2018
 
2017
 
2018
 
2017
 
(Dollars in millions)
Transaction-related expenses
$
1

 
6

 
2

 
23

Integration-related expenses
43

 
28

 
275

 
40

Total acquisition-related expenses
$
44

 
34

 
277

 
63


Through September 30, 2018, we had incurred cumulative acquisition-related expenses of $600 million for Level 3. The total amounts of these expenses have been included in our selling, general and administrative expenses beginning in the fourth quarter of 2016.

Level 3 incurred transaction-related expenses of $47 million on the date of acquisition. This amount is not included in our results of operations.

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Table of Contents

References to Acquired Businesses

In the discussion that follows, we refer to the incremental business activities that we now operate as a result of the Level 3 acquisition as “Legacy Level 3”. References to “Legacy CenturyLink”, when used to compare our consolidated results for the three and nine months ended September 30, 2018 and 2017, mean the business we operated prior to the Level 3 acquisition.

Combined Pro Forma Operating Results (Unaudited)

For the three and nine months ended September 30, 2018, our results of operations included operating revenues (net of intercompany eliminations) attributable to Level 3 of $1.984 billion and $6.071 billion, respectively.

The following unaudited pro forma financial information presents the combined results of CenturyLink as if the Level 3 acquisition had been consummated as of January 1, 2017:
 
Three Months Ended September 30, 2017
 
Nine Months Ended September 30, 2017
 
(Dollars in millions, except per share amounts)
Operating revenues
$
6,031

 
18,316

Net income
194

 
459

Basic earnings per common share
0.18

 
0.43

Diluted earnings per common share
0.18

 
0.43

This pro forma information reflects certain adjustments to previously-reported operating results, consisting primarily but not exclusively of:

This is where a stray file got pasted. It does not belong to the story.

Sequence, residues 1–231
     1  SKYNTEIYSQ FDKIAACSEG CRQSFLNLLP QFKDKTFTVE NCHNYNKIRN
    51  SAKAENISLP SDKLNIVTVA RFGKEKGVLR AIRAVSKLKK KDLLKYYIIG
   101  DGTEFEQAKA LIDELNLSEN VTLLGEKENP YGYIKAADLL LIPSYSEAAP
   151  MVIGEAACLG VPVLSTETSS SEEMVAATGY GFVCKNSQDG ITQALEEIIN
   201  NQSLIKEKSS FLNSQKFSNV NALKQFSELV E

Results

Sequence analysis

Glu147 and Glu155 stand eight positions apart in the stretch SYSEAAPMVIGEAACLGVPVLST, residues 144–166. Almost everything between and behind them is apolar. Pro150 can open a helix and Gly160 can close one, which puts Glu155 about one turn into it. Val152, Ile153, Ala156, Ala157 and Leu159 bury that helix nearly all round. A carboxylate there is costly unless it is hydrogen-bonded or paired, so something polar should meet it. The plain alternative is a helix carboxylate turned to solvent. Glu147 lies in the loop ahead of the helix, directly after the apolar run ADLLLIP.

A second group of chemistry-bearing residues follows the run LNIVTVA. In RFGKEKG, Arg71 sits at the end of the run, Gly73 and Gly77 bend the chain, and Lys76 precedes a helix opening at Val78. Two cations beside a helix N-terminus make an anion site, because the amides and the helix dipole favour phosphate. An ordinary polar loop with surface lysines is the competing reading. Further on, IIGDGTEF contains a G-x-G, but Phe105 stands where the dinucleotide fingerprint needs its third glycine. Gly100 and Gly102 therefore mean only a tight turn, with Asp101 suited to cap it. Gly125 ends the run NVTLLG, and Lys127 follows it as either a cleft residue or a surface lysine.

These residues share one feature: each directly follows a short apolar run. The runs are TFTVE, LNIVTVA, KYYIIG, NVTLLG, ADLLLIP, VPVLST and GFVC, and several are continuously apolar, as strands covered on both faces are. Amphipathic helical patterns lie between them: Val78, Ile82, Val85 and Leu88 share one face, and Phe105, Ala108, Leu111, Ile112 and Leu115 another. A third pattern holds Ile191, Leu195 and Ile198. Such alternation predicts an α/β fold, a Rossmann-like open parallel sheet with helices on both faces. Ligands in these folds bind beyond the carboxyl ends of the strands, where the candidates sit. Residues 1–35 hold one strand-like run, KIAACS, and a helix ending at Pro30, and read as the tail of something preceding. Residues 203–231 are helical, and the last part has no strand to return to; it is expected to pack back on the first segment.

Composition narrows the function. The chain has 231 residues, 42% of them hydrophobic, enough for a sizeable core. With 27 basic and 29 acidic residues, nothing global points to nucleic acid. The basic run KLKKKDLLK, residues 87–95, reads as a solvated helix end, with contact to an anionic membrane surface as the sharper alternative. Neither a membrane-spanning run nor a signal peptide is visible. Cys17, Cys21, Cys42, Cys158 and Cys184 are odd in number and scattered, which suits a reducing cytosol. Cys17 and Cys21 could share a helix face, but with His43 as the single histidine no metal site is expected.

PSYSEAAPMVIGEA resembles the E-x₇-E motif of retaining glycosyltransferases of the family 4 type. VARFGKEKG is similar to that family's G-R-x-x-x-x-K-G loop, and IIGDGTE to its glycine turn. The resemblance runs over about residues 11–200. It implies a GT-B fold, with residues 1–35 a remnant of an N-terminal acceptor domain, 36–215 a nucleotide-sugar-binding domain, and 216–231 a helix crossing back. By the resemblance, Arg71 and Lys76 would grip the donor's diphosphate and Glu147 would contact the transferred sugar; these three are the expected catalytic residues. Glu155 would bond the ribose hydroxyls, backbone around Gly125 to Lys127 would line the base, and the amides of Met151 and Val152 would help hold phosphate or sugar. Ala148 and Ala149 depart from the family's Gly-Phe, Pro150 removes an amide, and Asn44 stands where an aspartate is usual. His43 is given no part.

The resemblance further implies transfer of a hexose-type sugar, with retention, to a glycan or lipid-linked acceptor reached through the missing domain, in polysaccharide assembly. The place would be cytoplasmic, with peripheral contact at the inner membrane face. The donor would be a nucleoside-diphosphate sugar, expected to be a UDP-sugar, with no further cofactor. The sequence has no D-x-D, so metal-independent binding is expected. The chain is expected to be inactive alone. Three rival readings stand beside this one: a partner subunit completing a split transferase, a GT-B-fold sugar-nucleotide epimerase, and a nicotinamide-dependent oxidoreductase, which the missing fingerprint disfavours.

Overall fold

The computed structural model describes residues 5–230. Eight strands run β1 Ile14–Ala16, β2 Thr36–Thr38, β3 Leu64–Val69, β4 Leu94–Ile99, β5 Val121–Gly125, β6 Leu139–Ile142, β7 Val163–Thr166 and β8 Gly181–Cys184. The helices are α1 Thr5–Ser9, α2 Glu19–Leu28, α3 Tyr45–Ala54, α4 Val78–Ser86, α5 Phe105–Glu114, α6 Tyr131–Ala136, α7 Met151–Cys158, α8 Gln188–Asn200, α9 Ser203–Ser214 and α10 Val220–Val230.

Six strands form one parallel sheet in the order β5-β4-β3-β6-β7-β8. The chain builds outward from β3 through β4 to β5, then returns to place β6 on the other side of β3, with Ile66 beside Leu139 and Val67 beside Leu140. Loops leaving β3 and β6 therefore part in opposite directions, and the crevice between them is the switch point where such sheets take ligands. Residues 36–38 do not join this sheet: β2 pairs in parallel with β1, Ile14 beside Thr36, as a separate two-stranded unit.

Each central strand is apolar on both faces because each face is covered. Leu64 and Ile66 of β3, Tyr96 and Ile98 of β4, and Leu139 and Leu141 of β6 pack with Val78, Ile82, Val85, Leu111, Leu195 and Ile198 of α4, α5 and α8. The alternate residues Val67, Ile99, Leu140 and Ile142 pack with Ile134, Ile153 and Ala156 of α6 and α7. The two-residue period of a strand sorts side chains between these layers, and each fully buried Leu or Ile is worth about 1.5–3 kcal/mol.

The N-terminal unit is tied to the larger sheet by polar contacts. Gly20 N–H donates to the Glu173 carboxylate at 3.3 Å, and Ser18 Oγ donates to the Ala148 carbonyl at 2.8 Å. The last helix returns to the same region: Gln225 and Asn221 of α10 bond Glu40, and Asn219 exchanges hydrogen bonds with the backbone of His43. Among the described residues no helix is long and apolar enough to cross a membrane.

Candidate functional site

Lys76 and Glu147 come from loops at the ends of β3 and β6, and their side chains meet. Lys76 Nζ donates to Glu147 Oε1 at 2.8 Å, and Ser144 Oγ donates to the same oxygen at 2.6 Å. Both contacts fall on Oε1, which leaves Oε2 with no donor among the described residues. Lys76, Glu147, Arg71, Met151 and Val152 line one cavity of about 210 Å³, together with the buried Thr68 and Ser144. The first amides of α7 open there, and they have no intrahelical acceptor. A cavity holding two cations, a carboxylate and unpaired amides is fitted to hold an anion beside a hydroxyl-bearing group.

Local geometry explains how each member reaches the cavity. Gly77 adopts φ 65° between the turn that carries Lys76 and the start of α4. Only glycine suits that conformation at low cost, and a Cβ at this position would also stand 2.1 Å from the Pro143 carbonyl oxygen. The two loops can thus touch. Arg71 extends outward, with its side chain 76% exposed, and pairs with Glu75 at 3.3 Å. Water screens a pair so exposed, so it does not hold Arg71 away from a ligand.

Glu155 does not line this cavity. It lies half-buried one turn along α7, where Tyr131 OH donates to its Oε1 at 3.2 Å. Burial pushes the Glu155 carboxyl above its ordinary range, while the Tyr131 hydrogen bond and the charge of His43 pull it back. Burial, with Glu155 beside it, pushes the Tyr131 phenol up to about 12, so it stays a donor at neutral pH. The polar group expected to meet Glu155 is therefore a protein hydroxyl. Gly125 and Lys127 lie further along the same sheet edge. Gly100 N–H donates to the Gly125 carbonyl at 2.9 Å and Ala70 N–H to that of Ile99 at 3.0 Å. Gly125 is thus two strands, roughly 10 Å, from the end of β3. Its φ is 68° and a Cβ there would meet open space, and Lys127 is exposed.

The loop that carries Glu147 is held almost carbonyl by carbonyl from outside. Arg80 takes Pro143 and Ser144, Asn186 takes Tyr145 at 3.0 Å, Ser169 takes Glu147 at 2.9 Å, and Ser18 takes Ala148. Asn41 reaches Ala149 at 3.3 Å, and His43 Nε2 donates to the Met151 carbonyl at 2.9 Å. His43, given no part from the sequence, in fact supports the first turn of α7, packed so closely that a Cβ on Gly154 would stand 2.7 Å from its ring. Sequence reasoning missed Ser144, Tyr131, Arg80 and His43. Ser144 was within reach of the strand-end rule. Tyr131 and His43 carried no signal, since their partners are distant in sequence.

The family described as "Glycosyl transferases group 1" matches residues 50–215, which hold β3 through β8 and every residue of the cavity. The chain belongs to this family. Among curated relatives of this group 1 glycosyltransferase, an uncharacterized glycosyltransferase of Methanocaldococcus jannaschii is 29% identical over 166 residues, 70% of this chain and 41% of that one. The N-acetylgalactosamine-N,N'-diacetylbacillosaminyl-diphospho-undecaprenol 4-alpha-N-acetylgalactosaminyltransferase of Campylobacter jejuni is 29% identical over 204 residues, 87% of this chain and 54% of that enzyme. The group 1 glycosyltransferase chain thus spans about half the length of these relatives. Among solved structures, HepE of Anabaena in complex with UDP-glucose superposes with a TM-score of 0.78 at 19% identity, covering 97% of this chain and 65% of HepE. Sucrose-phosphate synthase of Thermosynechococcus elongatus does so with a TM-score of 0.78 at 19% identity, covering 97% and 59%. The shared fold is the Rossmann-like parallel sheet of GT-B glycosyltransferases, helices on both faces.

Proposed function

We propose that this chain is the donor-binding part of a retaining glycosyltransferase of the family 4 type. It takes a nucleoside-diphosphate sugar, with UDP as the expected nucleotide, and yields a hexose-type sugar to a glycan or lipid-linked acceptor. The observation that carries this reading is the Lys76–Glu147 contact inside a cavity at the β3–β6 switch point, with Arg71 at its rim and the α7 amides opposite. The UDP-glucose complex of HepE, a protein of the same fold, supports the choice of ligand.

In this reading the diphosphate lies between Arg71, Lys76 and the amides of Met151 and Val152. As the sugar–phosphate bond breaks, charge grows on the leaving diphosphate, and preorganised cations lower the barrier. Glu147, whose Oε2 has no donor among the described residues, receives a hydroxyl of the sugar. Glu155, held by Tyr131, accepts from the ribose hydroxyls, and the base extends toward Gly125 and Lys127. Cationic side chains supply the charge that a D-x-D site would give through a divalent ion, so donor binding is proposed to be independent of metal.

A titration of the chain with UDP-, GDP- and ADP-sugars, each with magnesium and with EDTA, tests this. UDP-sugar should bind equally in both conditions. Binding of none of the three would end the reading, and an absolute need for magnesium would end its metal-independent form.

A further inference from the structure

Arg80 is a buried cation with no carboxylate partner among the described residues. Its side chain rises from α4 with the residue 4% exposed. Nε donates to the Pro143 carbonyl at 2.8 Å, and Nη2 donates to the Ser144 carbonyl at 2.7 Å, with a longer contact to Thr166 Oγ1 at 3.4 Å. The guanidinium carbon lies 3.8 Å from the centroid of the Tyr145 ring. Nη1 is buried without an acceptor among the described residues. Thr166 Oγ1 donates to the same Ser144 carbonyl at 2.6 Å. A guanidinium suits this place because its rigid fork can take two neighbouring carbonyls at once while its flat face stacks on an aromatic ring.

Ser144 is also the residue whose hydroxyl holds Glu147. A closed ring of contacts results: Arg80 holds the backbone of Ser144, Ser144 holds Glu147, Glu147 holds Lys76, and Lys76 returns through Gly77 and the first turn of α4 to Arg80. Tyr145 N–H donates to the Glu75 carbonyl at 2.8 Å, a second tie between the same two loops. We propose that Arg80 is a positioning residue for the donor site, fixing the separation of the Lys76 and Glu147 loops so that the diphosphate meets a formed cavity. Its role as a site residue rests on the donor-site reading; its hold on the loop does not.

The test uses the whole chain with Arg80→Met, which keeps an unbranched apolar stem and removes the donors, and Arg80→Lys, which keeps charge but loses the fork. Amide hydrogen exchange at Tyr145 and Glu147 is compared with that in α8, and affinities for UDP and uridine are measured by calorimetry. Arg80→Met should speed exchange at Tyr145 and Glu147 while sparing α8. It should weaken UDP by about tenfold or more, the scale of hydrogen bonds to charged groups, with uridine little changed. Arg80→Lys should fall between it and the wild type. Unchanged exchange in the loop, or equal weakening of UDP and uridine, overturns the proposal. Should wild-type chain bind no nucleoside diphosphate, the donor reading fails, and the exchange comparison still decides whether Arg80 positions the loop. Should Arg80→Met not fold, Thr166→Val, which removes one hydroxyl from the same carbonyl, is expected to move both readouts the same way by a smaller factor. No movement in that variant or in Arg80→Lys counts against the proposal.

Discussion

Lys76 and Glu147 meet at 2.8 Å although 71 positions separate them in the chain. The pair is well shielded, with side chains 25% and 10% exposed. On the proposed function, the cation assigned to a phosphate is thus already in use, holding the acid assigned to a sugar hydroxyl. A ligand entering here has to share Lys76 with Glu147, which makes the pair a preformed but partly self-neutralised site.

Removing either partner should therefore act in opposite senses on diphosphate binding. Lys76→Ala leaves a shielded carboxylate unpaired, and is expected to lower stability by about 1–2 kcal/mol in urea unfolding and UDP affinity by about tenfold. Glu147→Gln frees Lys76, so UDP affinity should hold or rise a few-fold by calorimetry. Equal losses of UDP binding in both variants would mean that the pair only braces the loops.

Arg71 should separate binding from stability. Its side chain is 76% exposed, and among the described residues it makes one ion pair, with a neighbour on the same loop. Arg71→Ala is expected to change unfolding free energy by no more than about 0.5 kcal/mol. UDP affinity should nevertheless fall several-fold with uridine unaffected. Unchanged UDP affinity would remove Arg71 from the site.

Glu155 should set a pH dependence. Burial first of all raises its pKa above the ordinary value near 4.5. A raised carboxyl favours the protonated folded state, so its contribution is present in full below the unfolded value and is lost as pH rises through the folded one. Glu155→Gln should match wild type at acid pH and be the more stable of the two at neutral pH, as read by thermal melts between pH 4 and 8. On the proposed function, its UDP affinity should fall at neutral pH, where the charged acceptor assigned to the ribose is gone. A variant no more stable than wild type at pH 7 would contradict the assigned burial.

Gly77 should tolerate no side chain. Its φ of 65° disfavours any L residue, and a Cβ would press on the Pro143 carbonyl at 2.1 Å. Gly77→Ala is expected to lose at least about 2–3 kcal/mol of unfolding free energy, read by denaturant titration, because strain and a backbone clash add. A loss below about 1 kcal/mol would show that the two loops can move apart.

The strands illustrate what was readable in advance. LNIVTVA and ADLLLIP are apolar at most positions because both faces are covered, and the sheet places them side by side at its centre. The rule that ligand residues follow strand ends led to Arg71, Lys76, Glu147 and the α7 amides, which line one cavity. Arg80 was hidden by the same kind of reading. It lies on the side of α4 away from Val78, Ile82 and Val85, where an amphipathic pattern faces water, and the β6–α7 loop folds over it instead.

decreased operating revenues and expenses due to the elimination of transactions among CenturyLink and Level 3 that are now subject to intercompany elimination and the elimination of deferred revenues associated with installation activities that were preliminarily assigned no value at the acquisition date;
increased amortization expense related to identifiable intangible assets, net of decreased depreciation expense to reflect the preliminary fair value of property, plant and equipment;
increased interest expense resulting from (i) interest on the new debt to finance the combination and amortization of the related debt discount and debt issuance costs, (ii) the elimination of Level 3’s historical amortization of debt discount and debt issuance costs and (iii) a reduction in interest expense due to the accretion of an adjustment to reflect the increased preliminary fair value of the long-term debt of Level 3 recognized on the acquisition date; and
the related income tax effects.

The pro forma information is presented for illustrative purposes only and does not necessarily reflect the actual results of operations had the Level 3 acquisition been consummated at January 1, 2017, nor is it necessarily indicative of future operating results. The pro forma information does not reflect:
the transaction costs incurred by us and Level 3 during the periods presented above (which are further described above in this note);
integration costs incurred by us in future periods; or
potential revenue enhancements, cost synergies or other operating efficiencies that could result from the acquisition